- Yeah, when did the draw become the silver bullet against Dick LeBeau's defense?

- Between plays like that, getting blown off the line by Brown on Baltimore's first touchdown, and a personal foul for a meaningless roughing the passer, Calamity James played probably the worst quarter of football I can remember from him this season. Of course, so did the rest of the team.

- Pittsburgh's fourth-down attempt that preceded that Baltimore drive turned out to be more important that it felt at the time. Corey Ivy made a nice play to disrupt Charlie Batch's short pass to Cedrick Wilson, and the subsequent drive turned what could have been a 7-3 or even a tied ballgame into a 10-point Baltimore lead.

- Through three-and-a-half quarters, I felt very disappointed by Santonio Holmes' production against such a wounded Baltimore secondary. Of course, I felt very disappointed by the rest of the team through three-and-a-half quarters, too. At the point at which it appeared that they might actually pull out a win, I wondered about having to write this same stuff, with all the same criticisms, from the context of a nice comeback win, but they really were that bad for the first 52 minutes.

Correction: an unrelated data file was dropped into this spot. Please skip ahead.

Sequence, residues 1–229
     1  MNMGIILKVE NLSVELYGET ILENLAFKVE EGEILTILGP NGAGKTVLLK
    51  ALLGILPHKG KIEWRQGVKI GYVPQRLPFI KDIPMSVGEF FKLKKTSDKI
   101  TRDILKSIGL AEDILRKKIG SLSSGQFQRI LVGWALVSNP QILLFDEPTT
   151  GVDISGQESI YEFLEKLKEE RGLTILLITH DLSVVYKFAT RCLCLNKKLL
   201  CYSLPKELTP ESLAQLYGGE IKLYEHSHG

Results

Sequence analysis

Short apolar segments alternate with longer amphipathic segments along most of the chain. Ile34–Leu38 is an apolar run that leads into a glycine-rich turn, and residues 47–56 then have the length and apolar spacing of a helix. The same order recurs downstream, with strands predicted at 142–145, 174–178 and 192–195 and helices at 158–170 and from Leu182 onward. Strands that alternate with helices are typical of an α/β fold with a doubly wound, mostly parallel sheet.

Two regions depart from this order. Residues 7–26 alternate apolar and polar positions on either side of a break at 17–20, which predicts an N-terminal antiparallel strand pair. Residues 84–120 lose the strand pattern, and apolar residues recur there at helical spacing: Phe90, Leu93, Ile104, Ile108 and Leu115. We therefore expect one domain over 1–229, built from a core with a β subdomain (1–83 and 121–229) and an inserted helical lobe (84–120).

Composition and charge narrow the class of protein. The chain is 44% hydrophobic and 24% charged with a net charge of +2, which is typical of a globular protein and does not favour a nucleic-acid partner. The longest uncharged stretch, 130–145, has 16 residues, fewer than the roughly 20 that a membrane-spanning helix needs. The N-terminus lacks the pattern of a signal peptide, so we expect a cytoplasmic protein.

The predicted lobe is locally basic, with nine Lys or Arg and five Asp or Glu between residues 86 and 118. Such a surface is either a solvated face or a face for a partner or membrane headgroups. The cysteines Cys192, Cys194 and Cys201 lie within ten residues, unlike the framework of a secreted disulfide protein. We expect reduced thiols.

- I won't rag too much on Charlie Batch, who led a pretty valiant comeback attempt, but he jumped the gun on a desperation heave to Holmes into heavy coverage with a full minute left and room to pick up yards and get out of bounds on a scramble.

- Oh, and it's official: even Batch gets the roughing calls that Roethlisberger couldn't buy with all his upcoming millions.

- I'm skeptical about Troy Smith's future prospects as an NFL starter, but he certainly showed the ability to get off some decent throws with pressure in his face. That alone may make him a better prospect than Kyle Boller.

- With the regular season now closed, some of the individual player statistics take on a broader context. I've been touting Holmes for his stellar yards per pass targeted to him, and his final mark of 11.1 yards per target is indeed best among the top 50 pass-catchers in yardage for the year. That goes along with his 18.1 yards per catch, which also leads the group. To put those numbers in some perspective, the top 50 pass-catchers averaged 13.2 YPC, and 8.1 YPT. Randy Moss, pretty obviously the premier receiver for the season, notched 15.2 YPC and 9.4 YPT.

- Heath Miller also finished with impressive efficiency marks. Among the 25 tight ends who caught the most passes, he posted the best YPT at 9.3, the best catch rate at 77.0%, and his touchdown rate of 11.5% of passes is second only to Ben Watson of New England. The Steelers feature none of the league's 22 1000-yard pass-catchers, but they do boast the most ruthlessly efficient players at both positions.